European stocks fell, snapping the biggest three-day rally in 16 months, after a report that some countries are demanding private creditors take bigger writedowns on Greek bonds.
Man Group Plc (EMG) sank the most in almost three years as the world’s biggest hedge fund said assets under management will decrease. Cairn Energy Plc (CNE) slid 5 percent after abandoning an exploration well. PSA Peugeot Citroen, Europe’s second-largest carmaker, declined 1.3 percent as Goldman Sachs Group Inc. advised selling the shares.
The Stoxx Europe 600 Index slipped 0.2 percent to 229.45 at 2:54 p.m. in London after earlier rising 0.5 percent. The gauge had surged 7 percent over the past three days, the biggest rally since May 2010, amid speculation policy makers will increase efforts to contain the region’s debt crisis. The Financial Times reported late yesterday that some euro-area countries are demanding private creditors take bigger writedowns on their Greek bond holdings.
“We’re evaluating how much banks must take in additional provisions,” said Pierre Mouton, a fund manager at Notz Stucki & Cie. in Geneva, who helps oversee $7.5 billion. “The market would be able to forget all of this if the problem stops at Greece. What is stopping the market from rebounding is concern about Italy.”
National benchmark indexes fell in 9 of the 18 western European markets. Germany’s DAX Index added 0.5 percent and France’s CAC 40 Index rose 0.1 percent. The U.K.’s FTSE 100 Index retreated 0.6 percent.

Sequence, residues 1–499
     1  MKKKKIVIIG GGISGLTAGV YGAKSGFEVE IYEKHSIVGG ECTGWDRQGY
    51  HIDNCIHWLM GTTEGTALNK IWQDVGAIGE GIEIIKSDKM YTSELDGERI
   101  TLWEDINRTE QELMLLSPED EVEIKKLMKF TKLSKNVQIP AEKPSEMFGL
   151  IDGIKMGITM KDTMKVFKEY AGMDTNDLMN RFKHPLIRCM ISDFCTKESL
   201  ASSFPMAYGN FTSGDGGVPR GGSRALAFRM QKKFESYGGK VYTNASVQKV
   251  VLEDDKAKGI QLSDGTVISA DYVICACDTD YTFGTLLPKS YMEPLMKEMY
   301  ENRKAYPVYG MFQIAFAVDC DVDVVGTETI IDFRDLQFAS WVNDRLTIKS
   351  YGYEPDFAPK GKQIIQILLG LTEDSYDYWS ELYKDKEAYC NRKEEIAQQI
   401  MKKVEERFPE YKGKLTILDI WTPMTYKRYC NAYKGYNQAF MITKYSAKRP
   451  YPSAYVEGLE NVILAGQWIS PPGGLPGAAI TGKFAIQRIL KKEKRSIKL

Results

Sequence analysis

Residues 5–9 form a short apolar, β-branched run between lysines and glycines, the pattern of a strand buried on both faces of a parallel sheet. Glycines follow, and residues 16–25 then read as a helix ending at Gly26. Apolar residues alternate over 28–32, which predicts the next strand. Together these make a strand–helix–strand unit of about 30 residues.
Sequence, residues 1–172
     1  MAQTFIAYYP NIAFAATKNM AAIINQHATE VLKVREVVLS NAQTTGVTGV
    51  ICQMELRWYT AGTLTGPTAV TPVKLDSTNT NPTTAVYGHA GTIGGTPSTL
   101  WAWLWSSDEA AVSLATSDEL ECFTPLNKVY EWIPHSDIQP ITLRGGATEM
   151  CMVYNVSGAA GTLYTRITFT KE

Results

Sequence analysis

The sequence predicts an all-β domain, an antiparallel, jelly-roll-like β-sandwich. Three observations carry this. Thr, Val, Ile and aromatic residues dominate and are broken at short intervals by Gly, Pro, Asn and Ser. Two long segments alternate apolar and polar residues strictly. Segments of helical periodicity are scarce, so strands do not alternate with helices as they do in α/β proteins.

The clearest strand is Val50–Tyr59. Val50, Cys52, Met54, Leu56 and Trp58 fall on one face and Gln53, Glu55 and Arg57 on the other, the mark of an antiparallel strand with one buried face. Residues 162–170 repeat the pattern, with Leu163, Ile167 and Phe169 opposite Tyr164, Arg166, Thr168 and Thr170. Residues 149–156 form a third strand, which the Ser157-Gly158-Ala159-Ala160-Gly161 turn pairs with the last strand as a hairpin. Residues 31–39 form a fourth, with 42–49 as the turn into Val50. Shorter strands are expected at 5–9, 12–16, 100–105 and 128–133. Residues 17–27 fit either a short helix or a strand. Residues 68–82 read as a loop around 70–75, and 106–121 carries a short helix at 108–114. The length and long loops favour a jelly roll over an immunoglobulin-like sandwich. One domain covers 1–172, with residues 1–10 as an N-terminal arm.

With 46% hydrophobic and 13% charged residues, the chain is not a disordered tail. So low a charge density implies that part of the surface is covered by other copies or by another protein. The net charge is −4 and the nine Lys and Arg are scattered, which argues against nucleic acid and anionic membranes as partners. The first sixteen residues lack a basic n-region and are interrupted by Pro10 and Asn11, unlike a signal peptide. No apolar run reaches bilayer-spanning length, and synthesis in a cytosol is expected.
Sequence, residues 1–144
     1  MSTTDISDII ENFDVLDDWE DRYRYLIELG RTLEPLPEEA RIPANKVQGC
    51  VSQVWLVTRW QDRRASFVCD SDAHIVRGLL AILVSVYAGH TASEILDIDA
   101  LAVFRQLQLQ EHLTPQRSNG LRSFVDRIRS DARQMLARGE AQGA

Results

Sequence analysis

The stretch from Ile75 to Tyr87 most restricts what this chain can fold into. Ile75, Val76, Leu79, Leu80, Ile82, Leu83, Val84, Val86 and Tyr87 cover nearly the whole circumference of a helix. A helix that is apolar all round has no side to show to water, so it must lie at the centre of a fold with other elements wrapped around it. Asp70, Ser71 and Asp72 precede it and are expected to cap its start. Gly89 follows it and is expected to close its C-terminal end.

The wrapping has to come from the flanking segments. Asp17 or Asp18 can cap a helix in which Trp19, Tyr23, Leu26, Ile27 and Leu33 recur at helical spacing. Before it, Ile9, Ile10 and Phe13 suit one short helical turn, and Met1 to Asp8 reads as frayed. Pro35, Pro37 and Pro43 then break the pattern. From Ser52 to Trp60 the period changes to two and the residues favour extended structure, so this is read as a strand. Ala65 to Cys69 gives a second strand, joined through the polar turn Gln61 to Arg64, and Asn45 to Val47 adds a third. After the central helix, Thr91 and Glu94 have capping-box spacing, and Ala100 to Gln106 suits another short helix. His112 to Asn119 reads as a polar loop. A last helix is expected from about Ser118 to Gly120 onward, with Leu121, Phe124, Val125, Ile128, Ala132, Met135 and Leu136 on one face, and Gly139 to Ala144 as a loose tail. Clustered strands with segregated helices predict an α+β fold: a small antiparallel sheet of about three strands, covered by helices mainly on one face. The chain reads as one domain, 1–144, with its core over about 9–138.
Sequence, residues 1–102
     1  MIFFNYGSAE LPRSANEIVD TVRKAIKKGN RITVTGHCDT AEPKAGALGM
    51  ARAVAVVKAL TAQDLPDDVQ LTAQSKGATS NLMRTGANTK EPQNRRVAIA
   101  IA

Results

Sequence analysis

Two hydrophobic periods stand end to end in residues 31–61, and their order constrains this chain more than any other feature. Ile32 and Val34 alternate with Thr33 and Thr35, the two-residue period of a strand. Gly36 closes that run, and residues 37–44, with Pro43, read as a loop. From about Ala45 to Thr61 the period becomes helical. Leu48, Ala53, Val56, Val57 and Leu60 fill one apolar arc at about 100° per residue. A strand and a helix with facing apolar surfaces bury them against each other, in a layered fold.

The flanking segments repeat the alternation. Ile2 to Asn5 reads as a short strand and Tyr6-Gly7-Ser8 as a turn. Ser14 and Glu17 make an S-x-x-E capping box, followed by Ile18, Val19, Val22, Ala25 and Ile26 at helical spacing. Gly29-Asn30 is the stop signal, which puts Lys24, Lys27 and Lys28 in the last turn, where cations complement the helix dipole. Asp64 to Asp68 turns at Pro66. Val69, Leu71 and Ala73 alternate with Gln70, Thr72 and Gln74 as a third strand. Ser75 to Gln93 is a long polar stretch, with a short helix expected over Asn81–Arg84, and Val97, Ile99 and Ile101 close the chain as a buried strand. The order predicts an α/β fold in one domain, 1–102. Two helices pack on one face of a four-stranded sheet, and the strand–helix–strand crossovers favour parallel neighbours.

German Chancellor Angela Merkel said today that she’s waiting for a report from the European Union, European Central Bank and International Monetary Fund on Greece’s budget progress before deciding whether revisions are needed to the financing package agreed in July. Euro-area leaders announced 159 billion euros ($229 billion) in new aid for Greece on July 21 and cajoled bondholders into footing part of the bill.
Greek banks rallied today. National Bank of Greece SA (ETE) jumped 5.6 percent to 2.84 euros. Alpha Bank SA surged 12 percent to 1.41 euros and Piraeus Bank SA (TPEIR) soared 6.5 percent to 49 euro cents.
The EU proposed a financial-transactions tax that would take effect in 2014 and raise about 57 billion euros a year. The plan would set minimum tax rates for financial transactions throughout the 27-nation region, the European Commission said.
The Stoxx 600 fell 26 percent from this year’s peak in February through Sept. 22 amid concern the European debt crisis is spreading and the global economic recovery is faltering. The decline left the measure trading at 9 times estimated earnings, the cheapest since March 2009, data compiled by Bloomberg show.
Orders for U.S. capital goods climbed in August by the most in three months a sign business investment continues to support the recovery. Bookings for goods like computers and communications gear, excluding military hardware and aircraft, climbed 1.1 percent, the most since May, a Commerce Department report showed today. Demand for total durable goods dropped 0.1 percent, less than forecast.
Man Group tumbled 21 percent to 190.2 pence, the biggest drop since November 2008, after saying its assets under management will decline by $6 billion amid “suppressed” demand for investment products.
“The extreme volatility of markets in recent months has created challenging performance conditions across asset classes,” Chief Executive Officer Peter Clarke said. “This has tested investor appetite for risk.”
Cairn Energy sank 5 percent to 280.7 pence. The company said the Delta-1 exploration well off Greenland is being plugged and abandoned after failing to find hydrocarbons.
Peugeot declined 1.3 percent to 16.70 euros. The stock was cut to “sell” from “neutral” at Goldman.
SAP AG (SAP) advanced 2.4 percent to 38.76 euros. The software maker has a “very well-filled contract pipeline” and “good results” will continue even as global economic growth is slowing, Finanz und Wirtschaft reported, citing an interview with Robert Enslin, head of global sales.
BG Group Plc (BG/) climbed 3 percent to 1,257 pence after Goldman Sachs Group Inc. added the oil producer to its “conviction buy” list.